Asheville Outlets (www.shopashevilleoutlets.com) is pleased to again host Asheville’s Flea for Y’all Sunday, April 29th from 8 a.m. to 3 p.m. The location, just 6 miles from downtown Asheville, offers easy access from I-26, mountain views and ample parking for patrons and vendors alike. Come ready to explore and discover great vintage finds, one-of-a kind handmade items, exceptional art, yummy food and beverages, while enjoying good music! The Flea will take over the tree-lined lot next to Field and Stream.

Asheville Outlets Flea for Y’all remaining dates are Sunday May 27, June 24, July 29, August 26, September 30 and October 28, 2018. Adult entry is $2, children are free, friendly dogs welcome! Leary PR for Asheville Outlets.

Blowing Rock is often cited as one of North Carolina’s prettiest small towns, but it’s a tasty place, too, and this event shines a big, bright spotlight on the town’s small but mighty food scene. This year’s festivities include an expanded schedule of seminars on a variety of culinary topics, from beer and wine pairing to grilling, alongside countless opportunities to savor edible artistry—from the Grand Tasting to a picnic on the Blue Ridge Parkway. » Multiple venues; Thursday-Sunday, times & prices vary; (828) 295-7851; www.savorblowingrock.com

Bring a chair or blanket and celebrate Fridays with free concerts on the courthouse lawn all summer long. The series kicks off May 4 with a performance by classic rock outfit Sweet Revenge. Special in May, catch a BMX stunt show before The Roadrunnerz Band on May 25. And the June 29 show will feature local bands competing for the chance to perform during the Historic Morganton Festival in September. Food, beer, and wine are available for purchase. » Historic Burke County Courthouse lawn, 102 E. Union St.; Fridays, food vendors open 6 p.m., music 7-10 p.m.; free; (828) 438-5252; ww.morgantonfest.org

The Asheville Botanical Gardens are lovely during bloom time, and the Spring Plant Sale is a perfect chance to explore the native landscape and shop for common and hard-to-find endemic plants. A percentage of sales benefit the gardens. 151 W.T. Weaver Blvd.; Friday, noon-6 p.m., Saturday, 8:30 a.m.-3 p.m.; www.ashevillebotanicalgardens.org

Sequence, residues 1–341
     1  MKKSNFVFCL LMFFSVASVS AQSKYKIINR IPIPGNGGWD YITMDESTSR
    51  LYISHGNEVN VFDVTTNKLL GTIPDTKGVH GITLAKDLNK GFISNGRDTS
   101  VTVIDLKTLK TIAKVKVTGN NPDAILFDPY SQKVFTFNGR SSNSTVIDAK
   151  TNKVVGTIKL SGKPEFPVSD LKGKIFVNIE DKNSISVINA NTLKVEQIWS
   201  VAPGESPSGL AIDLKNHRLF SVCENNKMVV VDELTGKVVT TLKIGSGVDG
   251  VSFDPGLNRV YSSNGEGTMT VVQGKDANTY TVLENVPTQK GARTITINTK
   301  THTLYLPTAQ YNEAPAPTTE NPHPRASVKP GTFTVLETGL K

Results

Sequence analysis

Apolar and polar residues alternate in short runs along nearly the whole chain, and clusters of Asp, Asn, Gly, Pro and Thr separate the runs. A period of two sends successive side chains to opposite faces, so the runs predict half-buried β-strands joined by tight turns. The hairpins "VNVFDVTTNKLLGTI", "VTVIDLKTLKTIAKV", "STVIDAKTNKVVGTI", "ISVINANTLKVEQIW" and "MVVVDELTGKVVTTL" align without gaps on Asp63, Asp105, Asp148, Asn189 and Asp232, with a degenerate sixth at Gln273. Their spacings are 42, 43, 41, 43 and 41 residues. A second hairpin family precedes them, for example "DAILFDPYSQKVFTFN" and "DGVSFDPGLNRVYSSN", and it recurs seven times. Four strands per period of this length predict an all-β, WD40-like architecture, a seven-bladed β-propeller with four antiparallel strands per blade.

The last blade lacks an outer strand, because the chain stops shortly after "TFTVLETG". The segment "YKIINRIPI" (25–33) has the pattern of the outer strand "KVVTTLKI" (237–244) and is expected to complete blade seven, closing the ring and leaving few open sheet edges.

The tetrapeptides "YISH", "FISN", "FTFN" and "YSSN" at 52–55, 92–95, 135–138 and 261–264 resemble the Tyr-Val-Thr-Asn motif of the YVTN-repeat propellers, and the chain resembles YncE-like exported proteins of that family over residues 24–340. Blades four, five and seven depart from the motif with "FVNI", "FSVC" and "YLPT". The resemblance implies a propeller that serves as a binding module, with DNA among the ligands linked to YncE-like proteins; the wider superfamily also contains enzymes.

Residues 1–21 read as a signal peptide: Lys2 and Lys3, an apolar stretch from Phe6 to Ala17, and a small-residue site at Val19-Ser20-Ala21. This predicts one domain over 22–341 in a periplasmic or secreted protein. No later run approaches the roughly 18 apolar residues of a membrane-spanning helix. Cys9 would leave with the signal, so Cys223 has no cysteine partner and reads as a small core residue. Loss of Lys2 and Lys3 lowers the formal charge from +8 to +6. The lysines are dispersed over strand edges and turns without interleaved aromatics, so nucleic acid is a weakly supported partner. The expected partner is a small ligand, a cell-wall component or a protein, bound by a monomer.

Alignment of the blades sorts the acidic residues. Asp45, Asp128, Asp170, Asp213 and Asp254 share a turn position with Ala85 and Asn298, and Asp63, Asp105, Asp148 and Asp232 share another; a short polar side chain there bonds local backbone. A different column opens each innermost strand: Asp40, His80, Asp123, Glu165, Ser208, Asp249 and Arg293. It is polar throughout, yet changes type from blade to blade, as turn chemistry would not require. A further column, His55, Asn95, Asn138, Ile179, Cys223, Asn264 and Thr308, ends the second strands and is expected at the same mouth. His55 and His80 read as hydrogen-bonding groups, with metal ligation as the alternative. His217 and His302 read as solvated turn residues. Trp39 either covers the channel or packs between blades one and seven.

Edgy. Classic. Country. A defining voice of country music and a modern-day legend, Tanya Tucker inspired many female artists who still top the charts today. From the signature classic songs to the unforgettable sass and soul of her voice, Tucker has paved a path in country music and beyond through an unprecedented level of success and continues her longevity today due to a natural, undeniable talent which has proven to be timeless ever since she recorded her debut single "Delta Dawn," at age 13. With appearances across the world, the Grand Old Opry, the Country Music Hall of Fame and even Super Bowl Half-Time Show, Tucker's career, nearly four decades already underway, is proving to be one for the record books.

http://www.greatmountainmusic.com/eventdetail.asp?t=i&m=5&d=4&y=2018&evt=1

 

It just so happens the 2018 Kentucky Derby falls on Cinco de Mayo, so the Salt Block Foundation’s annual watch party will be replete with flavored juleps and a Mexican buffet this year. Break out your big hats and bow ties, as there’s a best-dressed contest, plus music, games, raffles, and more entertainment, all to benefit the foundation and its support of five of Hickory’s cultural organizations: Catawba Science Center, Hickory Choral Society, Hickory Museum of Art, United Arts Council, and Western Piedmont Symphony. » SALT Block North Lawn, 243 3rd Ave. NE; Saturday, 4-9:30 p.m.; $40; (828) 324-4906 ext. 303; www.saltblockfoundation.org

Whether you choose to bike the 24-, 41-, or 62-mile route through the scenic back roads of Rutherford County and the Blue Ridge Foothills, you’ll be helping Rutherford Housing Partnership provide urgent home repairs to low-income homeowners in the area. The improvements will alleviate potential threats to their health and safety. You can even participate as a “ghost rider,” which means you’ll give back without breaking a sweat and still get a free shirt and after-ride meal. » First Baptist Church, 246 N. Main St.; Saturday, 8 a.m.; $30; (828) 248-3431;www.rutherfordhousingpartnership.com

With a 2018 theme of celebrating rye, the bread festival presents expert bakers and the opportunity to sample their offerings and cull tips. On Saturday, shop for breads, flour, and more during the bread fair at New Belgium Brewery, which runs in tandem with hands-on workshops and lectures at various locations. The day ends with dinner with the bakers. Sunday serves up a six-hour master class for pro bakers. 21 Craven St.; bread fair, Saturday, 10 a.m.-2 p.m.; free; www.ashevillebreadfestival.com